IaaS and PaaS gaining in popularity as agencies grow more comfortable
Software as a service (SaaS) — accessing software applications in the cloud instead of hosting them on-premises — remains the most popular form of cloud computing used by federal, state and local government agencies. However, interest in platform as a service (PaaS) and infrastructure as a service (IaaS) are growing faster, according to a January 2012 survey of government IT officials by the 1105 Government Information Group.
Roughly one-quarter of respondents use some form of SaaS compared to 19 percent using IaaS and 16 percent using PaaS. And even larger numbers of respondents are considering types of cloud computing, especially SaaS and IaaS.
“SaaS has been the strongest cloud category in government since the beginning, and for good reason. You can use your existing infrastructure and sign up for an application in the cloud, and it’s easy to switch on and get started,” said Kyra Kozemchak, a senior research analyst at Deltek, of Herndon, Va., which sells software and services, such as research on government IT patterns.
The 1105 Government Information Group survey found that although all areas of SaaS are generating interest, some are more widely adopted than others. The most popular SaaS functions are:
- Content and document management and
- Customer resource management.
SaaS applications for billing, health and wellness, human resources and enterprise resource planning were among the least used applications in government, probably because of the sensitive nature of the data. The survey found that SaaS was most commonly implemented in a private cloud environment.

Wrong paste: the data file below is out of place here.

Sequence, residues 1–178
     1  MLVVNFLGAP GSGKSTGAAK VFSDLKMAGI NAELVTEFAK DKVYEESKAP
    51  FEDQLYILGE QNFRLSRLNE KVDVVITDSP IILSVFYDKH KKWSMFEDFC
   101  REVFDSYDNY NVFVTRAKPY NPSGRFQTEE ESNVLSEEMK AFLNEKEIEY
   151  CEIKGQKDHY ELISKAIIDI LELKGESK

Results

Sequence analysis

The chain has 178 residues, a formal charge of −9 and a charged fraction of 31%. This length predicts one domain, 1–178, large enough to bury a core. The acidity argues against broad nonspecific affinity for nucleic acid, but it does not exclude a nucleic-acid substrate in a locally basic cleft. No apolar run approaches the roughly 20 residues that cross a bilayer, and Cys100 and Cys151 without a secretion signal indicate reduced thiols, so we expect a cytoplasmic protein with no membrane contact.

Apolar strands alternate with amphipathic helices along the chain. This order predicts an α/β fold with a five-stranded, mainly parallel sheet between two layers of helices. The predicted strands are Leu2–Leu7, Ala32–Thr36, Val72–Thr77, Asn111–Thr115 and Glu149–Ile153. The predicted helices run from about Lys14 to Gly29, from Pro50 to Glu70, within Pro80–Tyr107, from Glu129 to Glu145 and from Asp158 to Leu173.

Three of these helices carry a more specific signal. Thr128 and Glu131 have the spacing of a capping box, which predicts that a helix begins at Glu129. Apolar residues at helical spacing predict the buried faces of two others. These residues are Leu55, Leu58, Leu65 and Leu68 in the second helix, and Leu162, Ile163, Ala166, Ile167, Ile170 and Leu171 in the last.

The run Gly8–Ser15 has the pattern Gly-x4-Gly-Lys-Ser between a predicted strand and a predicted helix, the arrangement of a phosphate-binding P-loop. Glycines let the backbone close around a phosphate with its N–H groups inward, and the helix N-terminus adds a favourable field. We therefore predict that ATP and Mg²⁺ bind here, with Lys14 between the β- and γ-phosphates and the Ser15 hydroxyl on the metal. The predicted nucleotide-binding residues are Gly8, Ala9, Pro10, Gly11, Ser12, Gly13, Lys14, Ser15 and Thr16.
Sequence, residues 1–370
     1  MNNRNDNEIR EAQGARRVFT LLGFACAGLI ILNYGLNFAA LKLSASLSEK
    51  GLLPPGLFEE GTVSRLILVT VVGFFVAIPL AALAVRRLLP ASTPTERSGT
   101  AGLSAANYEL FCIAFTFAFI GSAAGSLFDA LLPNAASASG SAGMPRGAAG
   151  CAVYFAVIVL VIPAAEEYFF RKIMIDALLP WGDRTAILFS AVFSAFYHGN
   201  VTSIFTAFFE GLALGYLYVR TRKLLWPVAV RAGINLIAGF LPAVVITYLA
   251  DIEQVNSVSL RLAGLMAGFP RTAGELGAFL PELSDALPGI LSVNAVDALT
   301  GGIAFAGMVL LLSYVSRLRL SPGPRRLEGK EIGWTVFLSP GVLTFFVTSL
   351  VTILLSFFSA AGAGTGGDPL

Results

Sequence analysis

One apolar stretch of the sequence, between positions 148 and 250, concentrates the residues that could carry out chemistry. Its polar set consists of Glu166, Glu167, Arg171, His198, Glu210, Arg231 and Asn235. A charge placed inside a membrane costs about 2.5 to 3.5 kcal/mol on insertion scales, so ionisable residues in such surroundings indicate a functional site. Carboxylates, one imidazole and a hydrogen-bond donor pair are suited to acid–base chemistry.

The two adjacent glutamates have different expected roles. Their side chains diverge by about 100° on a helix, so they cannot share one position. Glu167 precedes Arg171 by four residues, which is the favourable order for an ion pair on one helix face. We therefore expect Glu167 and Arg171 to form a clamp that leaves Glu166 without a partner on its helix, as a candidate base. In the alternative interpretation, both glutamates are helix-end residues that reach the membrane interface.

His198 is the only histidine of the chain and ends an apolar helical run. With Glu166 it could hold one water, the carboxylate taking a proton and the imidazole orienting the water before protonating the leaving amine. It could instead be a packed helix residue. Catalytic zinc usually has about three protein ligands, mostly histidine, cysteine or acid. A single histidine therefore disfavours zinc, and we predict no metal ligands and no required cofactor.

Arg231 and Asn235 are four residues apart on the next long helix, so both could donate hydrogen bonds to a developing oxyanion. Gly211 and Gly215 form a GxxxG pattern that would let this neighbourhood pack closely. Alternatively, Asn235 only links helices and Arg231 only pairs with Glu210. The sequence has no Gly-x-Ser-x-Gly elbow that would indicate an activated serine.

While only 19 percent of respondents use IaaS — a model in which an organization uses computing equipment in the cloud to run their internal processes — that number is up from just 9 percent last year. The most popular uses of IaaS by federal agencies include backup and storage, recovery, and compute cycles.
Use and interest in PaaS — the process of relegating an entire platform, including hardware, operating systems, storage and network capacity, to the cloud — shows a similar pattern, with 16 percent using some form of PaaS. That is up from 9 percent a year ago. The most common uses of PaaS by federal agencies are development and testing, database management, and business intelligence.
One of the reasons PaaS and IaaS score lower than SaaS for government agencies is because they are more critical parts of the computing paradigm. Many IT decision-makers aren’t quite ready to turn that part of their IT foundation over to the cloud. That’s partly because of security concerns and the culture that has grown up around infrastructure and platforms in the government, Kozemchak said.
“Even within the government, there is the idea that people own their piece of the pie and, with IaaS in particular, they have to give up some of that ownership when they go to the cloud,” she said.
Still, both PaaS and IaaS — not to mention SaaS — are expected to grow. The survey reinforces that claim, finding that within two years, 39 percent want to be using some form of PaaS, 47 percent some form of IaaS, and 53 percent some type of SaaS. Prompts from the federal government are surely helping those numbers along. On the PaaS side, the National Institute of Standards and Technology consider PaaS part of the federal Cloud Computing Reference Architecture, and Federal CIO Steven VanRoekel has said that PaaS is an important part of his shared-services initiative. On the IaaS front, the Homeland Security Department’s award of the first task order using the General Services Administration's IaaS blanket purchase agreement in October 2011 speaks well of the use of IaaS in government over time.